Green Bay (2-2) at Indianapolis (1-2)
Offensive coordinator Bruce Arians steps in as interim coach for Indy while Chuck Pagano battles leukemia. That adds to the challenges the Colts are facing as they come off a bye week.
"Obviously, we know what's going on and there's no doubt everyone still has that in the back of our heads," defensive end Cory Redding said. "But this team has to move on. We have to go out there and do our job."
Doing it against the revitalized Packers' offense will be extra difficult. Most of the matchups favor Green Bay, with the most intriguing perhaps being Packers center Jeff Saturday against the Colts' interior defensive line. Saturday left Indy as a free agent this year after 13 seasons.
Baltimore (3-1) at Kansas City (1-3)
Kansas City has allowed 136 points overall and 77 in two home losses, hardly the right approach against a Baltimore team that has become dangerous offensively. Even worse, the Chiefs have the NFL's most giveaways, 15, a bad sign against the Ravens' ball-hawkers.
"You look across that defensive board and they've got a lot of great veteran leadership with Ed Reed, Haloti Ngata and then also obviously Ray Lewis," Chiefs quarterback Matt Cassel said. "But those guys have been playing together for a long time and they're a very instinctive, very experienced group."
After a busy opening four weeks, the Ravens finally are rested, having last played on Sept. 27.
Cleveland (0-4) at New York Giants (2-2)
The Giants recognize that they messed up late at Philly last Sunday night, costing them sole possession of the NFC East lead. With a brutal upcoming schedule, a victory against the winless Browns, ranked last in the AP Pro32, is a must.
Yet, the Giants have struggled in recent years against mediocre (or worse) opponents.
"I don't know if it's our preparation, I don't know if it's the mindset that we go in there with," receiver Victor Cruz said. "Hopefully, we'll gear up this week and be prepared for this team, no matter what their record is. They're still a good football team, and we have to prepare ourselves to win a football game."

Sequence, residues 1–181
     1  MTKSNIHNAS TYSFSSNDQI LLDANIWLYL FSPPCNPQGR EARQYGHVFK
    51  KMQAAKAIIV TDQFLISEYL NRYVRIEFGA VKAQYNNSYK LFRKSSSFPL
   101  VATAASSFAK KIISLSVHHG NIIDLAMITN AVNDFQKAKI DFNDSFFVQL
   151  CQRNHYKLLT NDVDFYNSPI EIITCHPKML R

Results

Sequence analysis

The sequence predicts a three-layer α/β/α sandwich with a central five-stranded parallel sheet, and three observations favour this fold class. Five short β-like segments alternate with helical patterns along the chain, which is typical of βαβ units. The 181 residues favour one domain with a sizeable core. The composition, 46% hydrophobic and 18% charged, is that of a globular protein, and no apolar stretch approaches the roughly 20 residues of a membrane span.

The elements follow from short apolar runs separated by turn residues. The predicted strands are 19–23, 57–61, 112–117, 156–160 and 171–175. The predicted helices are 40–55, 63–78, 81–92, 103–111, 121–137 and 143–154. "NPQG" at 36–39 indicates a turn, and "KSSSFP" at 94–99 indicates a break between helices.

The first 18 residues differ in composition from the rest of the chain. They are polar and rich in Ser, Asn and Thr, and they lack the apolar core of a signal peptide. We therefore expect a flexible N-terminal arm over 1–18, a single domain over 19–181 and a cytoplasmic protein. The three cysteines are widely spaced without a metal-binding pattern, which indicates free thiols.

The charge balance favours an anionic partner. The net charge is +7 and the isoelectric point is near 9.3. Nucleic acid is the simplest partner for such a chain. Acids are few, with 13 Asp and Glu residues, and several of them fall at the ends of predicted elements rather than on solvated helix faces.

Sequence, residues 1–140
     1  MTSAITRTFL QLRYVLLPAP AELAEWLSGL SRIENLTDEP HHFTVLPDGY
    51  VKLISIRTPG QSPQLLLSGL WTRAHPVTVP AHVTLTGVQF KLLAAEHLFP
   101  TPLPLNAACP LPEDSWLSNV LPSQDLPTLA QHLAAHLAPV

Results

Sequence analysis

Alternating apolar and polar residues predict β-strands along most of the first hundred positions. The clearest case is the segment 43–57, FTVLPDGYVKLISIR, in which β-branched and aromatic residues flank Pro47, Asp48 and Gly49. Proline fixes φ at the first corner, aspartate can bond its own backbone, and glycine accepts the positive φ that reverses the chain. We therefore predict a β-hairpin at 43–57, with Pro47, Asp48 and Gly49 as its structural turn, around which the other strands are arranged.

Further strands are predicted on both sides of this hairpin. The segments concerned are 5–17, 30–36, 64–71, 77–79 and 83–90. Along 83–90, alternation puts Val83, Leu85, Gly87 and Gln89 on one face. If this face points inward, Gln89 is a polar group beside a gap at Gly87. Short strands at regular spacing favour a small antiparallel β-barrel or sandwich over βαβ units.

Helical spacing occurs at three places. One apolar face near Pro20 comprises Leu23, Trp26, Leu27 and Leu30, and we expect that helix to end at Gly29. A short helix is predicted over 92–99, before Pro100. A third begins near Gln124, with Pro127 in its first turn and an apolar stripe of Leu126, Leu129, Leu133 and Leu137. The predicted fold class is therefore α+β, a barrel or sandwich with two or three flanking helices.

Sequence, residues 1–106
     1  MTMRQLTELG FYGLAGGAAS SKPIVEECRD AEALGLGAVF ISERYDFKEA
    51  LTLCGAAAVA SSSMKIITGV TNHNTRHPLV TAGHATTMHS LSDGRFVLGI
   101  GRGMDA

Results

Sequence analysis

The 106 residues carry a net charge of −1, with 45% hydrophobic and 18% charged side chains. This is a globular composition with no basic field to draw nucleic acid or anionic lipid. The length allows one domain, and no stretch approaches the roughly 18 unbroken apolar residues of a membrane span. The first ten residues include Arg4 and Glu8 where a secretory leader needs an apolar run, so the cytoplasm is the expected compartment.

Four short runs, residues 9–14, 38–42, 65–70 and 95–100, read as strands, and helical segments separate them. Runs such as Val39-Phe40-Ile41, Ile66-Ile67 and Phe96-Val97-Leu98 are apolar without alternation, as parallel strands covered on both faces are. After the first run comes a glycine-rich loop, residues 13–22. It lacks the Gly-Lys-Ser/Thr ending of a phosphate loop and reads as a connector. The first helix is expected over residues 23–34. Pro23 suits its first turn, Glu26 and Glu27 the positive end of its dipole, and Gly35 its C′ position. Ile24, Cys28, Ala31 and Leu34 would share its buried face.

Cleveland has lost 10 straight dating back to last season. It has shown sparks on offense with rookie RB Trent Richardson and QB Brandon Weeden, and has some playmakers on defense, particularly linebacker D'Qwell Jackson. Top cornerback Joe Haden has one more week on his suspension.
Buffalo (2-2) at San Francisco (3-1)
Early in the third quarter last week, the Bills led New England 21-7 and were envisioning a solo spot atop the AFC East. Then the Patriots stopped fooling around and soon were headed to a 52-28 romp.
The Niners aren't likely to score that many points, but their fierce, opportunistic defense almost certainly won't yield anything close to four touchdowns.
This could be an entertaining matchup on the ground with Buffalo's Fred Jackson and C.J. Spiller trying to outdo San Francisco's Frank Gore and Kendall Hunter. It also could turn into a mismatch if Patrick Willis, Justin Smith and the rest of the 49ers' defense shuts down the Bills' running attack and forces Ryan Fitzpatrick to throw under duress. Fitzpatrick's 12 TD passes top the league, but he's also thrown seven interceptions.
Miami (1-3) at Cincinnati (3-1)
With two division matches after this, Cincinnati needs to pay attention against a Dolphins squad that lost its last two games in overtime, blowing leads in both. Bengals quarterback Andy Dalton has been sensational late in games and has the best fourth-quarter passing rating in the NFL, 151.7.
The Dolphins have won six of their last seven visits to Cincinnati and have the NFL's leading receiver in yards in Brian Hartline. But getting time to find him will be problematic for rookie QB Ryan Tannehill: The Bengals lead the NFL with 17 sacks.
"Our defensive linemen are very tall guys," safety Chris Crocker said. "Just them getting their arms up, getting around him — it's uncomfortable. As long as they continue to get the pressure like they're getting, then we'll make a lot of plays."
Seattle (2-2) at Carolina (1-3)
Reverse the site of this game and the Seahawks are a strong favorite. Instead, they make one of the longest road trips possible in the NFL, 2,800 miles, to face an angry group of Panthers.
Carolina had Atlanta pinned at its 1-yard line in the final moments last Sunday and still managed to blow the game. For developing teams, such defeats can be devastating.
"We are a young football team, but at some point you've got to get past that, because at some point you run out of time," coach Ron Rivera said. "We don't want to run out of time."
Chicago (3-1) at Jacksonville (1-3)
The addition of WR Brandon Marshall has energized Chicago's offense and even made Jay Cutler less sullen. But it's the defense that is making the Bears formidable with a league-high 14 takeaways, including 11 interceptions. They've run back three picks for touchdowns.
That paints a distressing picture for the Jaguars, whose 62 points are the fewest of any team to have played four games.
Tennessee (1-3) at Minnesota (3-1)
One of the league's biggest flops through a quarter of the schedule visits one of the most pleasant surprises.
Tennessee is without starting QB Jake Locker (shoulder), so Matt Hasselbeck gets the call. He'll need Chris Johnson to resemble the running back he was last week with 141 yards, not the impostor of the previous three games.
Minnesota has been getting strong contributions from its veteran leaders, particularly Adrian Peterson and Percy Harvin on offense, Chad Greenway and Antoine Winfield on defense, and Harvin on special teams. The kick returners have been superb.
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